Suleiman Bouhafs

Name: Suleiman Bouhafs

Country/Area of Origin: Algeria

Background: Bouhafs is a Christian from the Amazigh indigenous people group native to North Africa, notably Morocco, Algeria, Tunisia, Libya, and the Canary Islands.

Reason for Arrest:

Bouhafs was originally arrested in September 2016 in Algeria for some Facebook posts he had made criticizing Islam; authorities charged him with “harming the image of the Prophet” and “offending Islam” under Article 144 bis 2 of the Algerian Penal Code. Without access to legal counsel or a fair trial, Bouhafs was sentenced to three years in prison, during which he faced persecution and physical assault on account of his minority faith. Having received a presidential pardon in 2018, Bouhafs was released from prison after two years and fled to adjacent Tunisia.

While he was in Tunisia, Algerian authorities accused Bouhafs of terrorism for his alleged membership in an Amazigh self-determination organization; historically, Algeria has unscrupulously classified human rights activists and political dissidents as terrorism for their lawful activities. In September 2020, the United Nations High Commissioner granted Bouhafs political refugee status.

On 25 August 2021, neighbors witnessed a black car pulled in front of Bouhafs’ home in Tunisia, at which point three plainclothes individuals entered his apartment and forced him outside and into a vehicle. Bouhafs family did not hear from him for four days, and he eventually turned up in Algiers, the capital of Algeria, where it is believed he will be tried for his unjust terrorism charges.

The commonly shared understanding is that Tunisian authorities, in contravention of the nation’s obligations as signatory to the 1951 Convention Relating to the Status of Refugees, its 1967 Protocol, as well as the Convention against Torture, violated the non-refoulement clause by repatriating Bouhafs to Algeria where “his life or freedom would be threatened on account of his race, religion, nationality, membership of a particular social group or political opinion.”

Latest Updates:

  • On 3 September 2021, Jubilee Campaign published a press release on Bouhafs’ case stating the following:
    • “Jubilee Campaign is concerned about the status of Algerian political activist Suleiman Bouhafs who disappeared from his home in Tunisia and reappeared days later in the capital of Algeria. The commonly shared fear is that Tunisia […] violated the non-refoulement clause by either directly repatriating Bouhafs or allowing Algerian actors to abduct and transport Bouhafs to Algeria where ‘his life or freedom would be threatened on account of his race, religion, nationality, membership of a particular social group or political opinion. [….] The only assurance that Bouhafs will be safe from wrongful prosecution and mistreatment in detention, and that his family will be shielded from retaliation and persecution, would be prompt action by the UN High Commissioner for Refugees to intervene and securely resettle Bouhafs and his family in a third country with a satisfactory human rights record.”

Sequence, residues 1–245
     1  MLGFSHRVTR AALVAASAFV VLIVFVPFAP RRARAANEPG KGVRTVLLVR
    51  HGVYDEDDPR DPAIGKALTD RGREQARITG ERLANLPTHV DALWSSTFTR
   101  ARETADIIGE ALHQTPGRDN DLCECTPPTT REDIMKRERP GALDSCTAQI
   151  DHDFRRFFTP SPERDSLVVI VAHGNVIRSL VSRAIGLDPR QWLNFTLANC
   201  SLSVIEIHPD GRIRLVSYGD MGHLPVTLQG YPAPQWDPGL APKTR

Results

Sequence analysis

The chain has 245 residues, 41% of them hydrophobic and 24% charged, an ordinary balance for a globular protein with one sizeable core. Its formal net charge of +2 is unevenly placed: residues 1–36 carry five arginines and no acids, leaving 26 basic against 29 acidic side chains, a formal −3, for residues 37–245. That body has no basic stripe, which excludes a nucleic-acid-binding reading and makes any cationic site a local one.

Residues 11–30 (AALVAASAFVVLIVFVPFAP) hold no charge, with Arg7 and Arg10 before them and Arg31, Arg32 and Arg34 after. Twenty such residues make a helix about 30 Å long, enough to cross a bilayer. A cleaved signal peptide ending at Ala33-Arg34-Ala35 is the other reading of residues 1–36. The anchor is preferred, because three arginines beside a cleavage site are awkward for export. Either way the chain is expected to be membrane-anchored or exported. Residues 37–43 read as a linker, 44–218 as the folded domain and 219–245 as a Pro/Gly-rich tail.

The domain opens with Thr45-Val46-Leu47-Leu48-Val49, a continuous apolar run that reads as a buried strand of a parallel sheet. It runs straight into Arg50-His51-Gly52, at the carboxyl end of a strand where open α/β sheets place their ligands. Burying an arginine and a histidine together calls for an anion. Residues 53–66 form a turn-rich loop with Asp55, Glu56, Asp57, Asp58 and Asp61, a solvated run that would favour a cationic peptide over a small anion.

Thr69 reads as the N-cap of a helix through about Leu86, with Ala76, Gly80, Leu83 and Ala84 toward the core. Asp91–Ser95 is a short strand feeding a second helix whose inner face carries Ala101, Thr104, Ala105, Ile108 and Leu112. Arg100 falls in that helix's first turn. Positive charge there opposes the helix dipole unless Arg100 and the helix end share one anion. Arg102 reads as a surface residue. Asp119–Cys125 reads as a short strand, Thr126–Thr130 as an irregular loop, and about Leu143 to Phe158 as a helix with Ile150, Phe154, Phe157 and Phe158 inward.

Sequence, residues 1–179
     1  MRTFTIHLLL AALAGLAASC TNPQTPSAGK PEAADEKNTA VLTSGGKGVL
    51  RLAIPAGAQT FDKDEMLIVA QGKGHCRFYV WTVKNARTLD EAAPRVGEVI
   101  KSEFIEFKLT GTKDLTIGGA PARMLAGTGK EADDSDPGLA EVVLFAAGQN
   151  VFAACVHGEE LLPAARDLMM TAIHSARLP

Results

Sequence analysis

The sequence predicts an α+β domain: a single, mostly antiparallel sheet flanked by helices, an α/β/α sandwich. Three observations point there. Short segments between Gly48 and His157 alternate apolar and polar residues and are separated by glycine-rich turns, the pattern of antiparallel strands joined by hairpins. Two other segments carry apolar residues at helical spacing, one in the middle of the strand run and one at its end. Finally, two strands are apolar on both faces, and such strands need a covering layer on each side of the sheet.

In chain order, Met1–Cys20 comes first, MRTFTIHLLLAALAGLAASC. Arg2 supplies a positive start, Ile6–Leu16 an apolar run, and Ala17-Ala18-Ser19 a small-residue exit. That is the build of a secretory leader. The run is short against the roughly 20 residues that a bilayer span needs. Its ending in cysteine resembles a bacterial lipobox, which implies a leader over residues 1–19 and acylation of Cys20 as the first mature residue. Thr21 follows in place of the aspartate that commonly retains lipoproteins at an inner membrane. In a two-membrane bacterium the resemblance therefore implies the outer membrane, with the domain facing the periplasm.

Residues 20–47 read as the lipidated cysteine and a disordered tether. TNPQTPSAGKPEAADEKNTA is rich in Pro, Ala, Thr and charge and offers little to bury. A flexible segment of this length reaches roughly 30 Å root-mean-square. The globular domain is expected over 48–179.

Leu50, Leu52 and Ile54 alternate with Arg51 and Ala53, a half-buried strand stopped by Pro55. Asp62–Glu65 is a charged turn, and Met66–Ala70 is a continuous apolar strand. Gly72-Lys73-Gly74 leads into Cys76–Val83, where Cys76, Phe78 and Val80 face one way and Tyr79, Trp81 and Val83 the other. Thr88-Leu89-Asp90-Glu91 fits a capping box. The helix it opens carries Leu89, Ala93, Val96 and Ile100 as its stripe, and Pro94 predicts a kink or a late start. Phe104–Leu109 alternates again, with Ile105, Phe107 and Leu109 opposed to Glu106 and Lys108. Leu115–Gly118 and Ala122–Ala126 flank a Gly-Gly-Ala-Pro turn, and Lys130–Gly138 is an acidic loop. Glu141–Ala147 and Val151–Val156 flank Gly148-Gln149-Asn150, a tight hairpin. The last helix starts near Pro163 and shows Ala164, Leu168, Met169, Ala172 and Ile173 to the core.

• On 3 September 2021, Amnesty International released a statement on Bouhafs’ case stating the following:
    • “After facing two years of unjust imprisonment in Algeria, [Suleiman] Bouhafs went to Tunisia seeking safety, but it seems he was not far enough out of the Algerian government’s reach. The Tunisian government shares responsibility for his fate and should come clean about its role in his abduction and return. His deportation amounts to refoulement and is an extremely worrying precedent for Tunisia. Under international law no one should be returned to a country where they may be at serious risk of persecution or human rights violations. Algerian authorities should release [Suleiman] Bouhafs immediately and ensure he is not subjected to any ill-treatment in prison. Under no circumstances should a recognized refugee be returned to the place from which they have fled.” – Amna Guellali, Deputy Director for the Middle East and North Africa, Amnesty International
  • On 30 August 2021, a group of 43 organizations called upon the Tunisian government to respect its obligations to protect the human rights of refugees and “express[ed] their indignation at the dangerous precedent caused by the Tunisian State of handing over a refugee benefiting from international protection to the authorities of his country, who are pursuing him on the basis of his political positions[….]”